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Product Details

  • Mass Market Paperback: 416 pages
  • Publisher: Presidio Press (December 28, 2004)
  • Language: English
  • ISBN-10: 0891418636
  • ISBN-13: 978-0891418634
  • Product Dimensions: 4.1 x 1.1 x 6.9 inches
  • Shipping Weight: 1 pounds (View shipping rates and policies)
  • Average Customer Review: 4.6 out of 5 stars  See all reviews (207 customer reviews)
  • Amazon Best Sellers Rank: #188,588 in Books (See Top 100 in Books)

More About the Author



Three new chapters of Information from newly declassified documents captured in the raid as well as a blockbuster independent investigation conducted by Pakistani Brigadeer General (Ret) Shukat Qadir, who interviewed military and ISI personnel as well as debriefing eyewitness and undertaking a guided tour of the bin Laden residence hours after the raid.

The new chapters include detailed information on:

* OBL's exact locations for the ten years he was on the run in Pakistan

* The locations of Ayman Zawahiri and Mullah Omar.
* An analysis of declassified papers taken by ST6 from Abbottabad

* Al Qaeda's planned attack on the Pakistani nuclear weapons facility at Kahuta

* Al Qaeda's plan to use poison gas in Yemen (from a letter dated six days before OBL's death)

* Information taken from an independent Pakistani investigation of the raid to include previously unknown details of CIA's pre mission reconnaissance
* The code name of Dr. Shekel Afridi's CIA controller and details about the "Hepatitis Screening Program" that eventually located OBL

* New details about Al Qaeda's kidnapping of an Iranian diplomat to trade for Khairee bin Laden (Wife #1) who was being held in Tehran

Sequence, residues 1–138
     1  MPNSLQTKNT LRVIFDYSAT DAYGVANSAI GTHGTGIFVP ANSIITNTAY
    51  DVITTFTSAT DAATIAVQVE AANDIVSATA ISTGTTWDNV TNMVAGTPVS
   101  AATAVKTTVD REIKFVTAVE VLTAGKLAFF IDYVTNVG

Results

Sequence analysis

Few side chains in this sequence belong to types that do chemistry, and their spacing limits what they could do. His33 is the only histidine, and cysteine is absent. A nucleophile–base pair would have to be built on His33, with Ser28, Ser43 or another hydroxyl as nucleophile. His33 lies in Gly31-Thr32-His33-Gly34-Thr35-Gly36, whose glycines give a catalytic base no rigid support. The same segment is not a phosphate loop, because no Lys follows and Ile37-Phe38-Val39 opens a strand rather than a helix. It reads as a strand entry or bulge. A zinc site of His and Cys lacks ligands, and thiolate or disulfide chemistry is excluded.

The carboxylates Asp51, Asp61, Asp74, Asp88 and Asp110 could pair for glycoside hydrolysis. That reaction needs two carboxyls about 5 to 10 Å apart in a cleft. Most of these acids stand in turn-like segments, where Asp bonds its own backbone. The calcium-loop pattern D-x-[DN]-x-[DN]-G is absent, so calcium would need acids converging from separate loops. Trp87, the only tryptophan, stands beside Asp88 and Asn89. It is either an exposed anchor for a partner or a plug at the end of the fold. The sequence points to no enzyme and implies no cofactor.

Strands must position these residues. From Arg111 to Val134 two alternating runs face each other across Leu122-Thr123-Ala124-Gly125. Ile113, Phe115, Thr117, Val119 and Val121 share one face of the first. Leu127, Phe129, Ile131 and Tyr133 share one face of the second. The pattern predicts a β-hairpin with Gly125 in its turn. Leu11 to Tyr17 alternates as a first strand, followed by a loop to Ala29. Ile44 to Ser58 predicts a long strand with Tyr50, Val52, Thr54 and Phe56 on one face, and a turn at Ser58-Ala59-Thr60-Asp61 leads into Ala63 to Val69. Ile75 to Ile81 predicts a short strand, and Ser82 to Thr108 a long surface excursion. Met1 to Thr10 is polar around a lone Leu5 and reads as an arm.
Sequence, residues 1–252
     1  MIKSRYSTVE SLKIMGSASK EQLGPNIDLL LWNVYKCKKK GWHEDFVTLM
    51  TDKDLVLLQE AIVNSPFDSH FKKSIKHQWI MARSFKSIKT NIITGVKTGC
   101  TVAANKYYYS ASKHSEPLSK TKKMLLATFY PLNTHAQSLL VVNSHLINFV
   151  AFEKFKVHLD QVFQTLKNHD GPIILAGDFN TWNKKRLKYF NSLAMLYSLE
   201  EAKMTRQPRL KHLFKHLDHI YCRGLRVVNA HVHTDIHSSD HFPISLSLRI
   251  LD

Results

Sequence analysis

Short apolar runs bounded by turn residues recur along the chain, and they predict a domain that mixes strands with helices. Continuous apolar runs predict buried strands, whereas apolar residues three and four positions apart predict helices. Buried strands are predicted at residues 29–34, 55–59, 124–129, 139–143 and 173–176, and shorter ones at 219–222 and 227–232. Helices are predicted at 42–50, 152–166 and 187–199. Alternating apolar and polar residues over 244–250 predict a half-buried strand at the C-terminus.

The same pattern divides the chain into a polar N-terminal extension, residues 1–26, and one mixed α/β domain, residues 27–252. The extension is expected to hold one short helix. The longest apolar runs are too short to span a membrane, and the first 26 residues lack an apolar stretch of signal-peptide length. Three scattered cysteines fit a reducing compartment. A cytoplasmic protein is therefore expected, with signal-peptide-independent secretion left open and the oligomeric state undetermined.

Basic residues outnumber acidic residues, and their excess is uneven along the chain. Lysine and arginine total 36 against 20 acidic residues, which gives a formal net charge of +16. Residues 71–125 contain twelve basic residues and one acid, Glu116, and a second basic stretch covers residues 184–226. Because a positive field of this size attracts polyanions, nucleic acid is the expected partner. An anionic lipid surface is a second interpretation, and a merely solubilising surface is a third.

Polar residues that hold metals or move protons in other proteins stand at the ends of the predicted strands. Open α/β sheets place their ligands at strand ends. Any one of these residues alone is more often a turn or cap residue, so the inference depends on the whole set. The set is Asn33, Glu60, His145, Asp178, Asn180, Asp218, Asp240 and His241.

* Details of OBLs detailed planning for the transfer of his wife after the prisoner exchange with the Iranians.
* New details on CIA's phone call to the compound two nights before the raid
* Information obtained during Pakistan's nearly year long interrogation of OBL's surviving wives and children

* Information from the Pakistani first responders who entered the compound only minutes after the helicopters had left.

* Connecting the dots on who the US closed in after the arrival of Khairee bin Laden, as well as the capture of Bali Bomber Umer Patik in Abbottabad a mere four months prior to the raid

* Eye witness testimony about the raid from OBL's widows and Children, as well as Pakistani neighbors who saw the entire raid.

* Confirmation from eye witnesses who saw the helicopter crash in the middle of the operation and not at the beginning.
* Details about Pakistani fighters who were scrambled and nearly shot down the US helicopters as they retreated.
* More details about the "special access granted to Boal and Bigelow--confirmed by Freedom of Information Act requests that show DoD and WH emails confirming that the two SONY Studios filmmakers were give the names of ST6 operators unlawfully.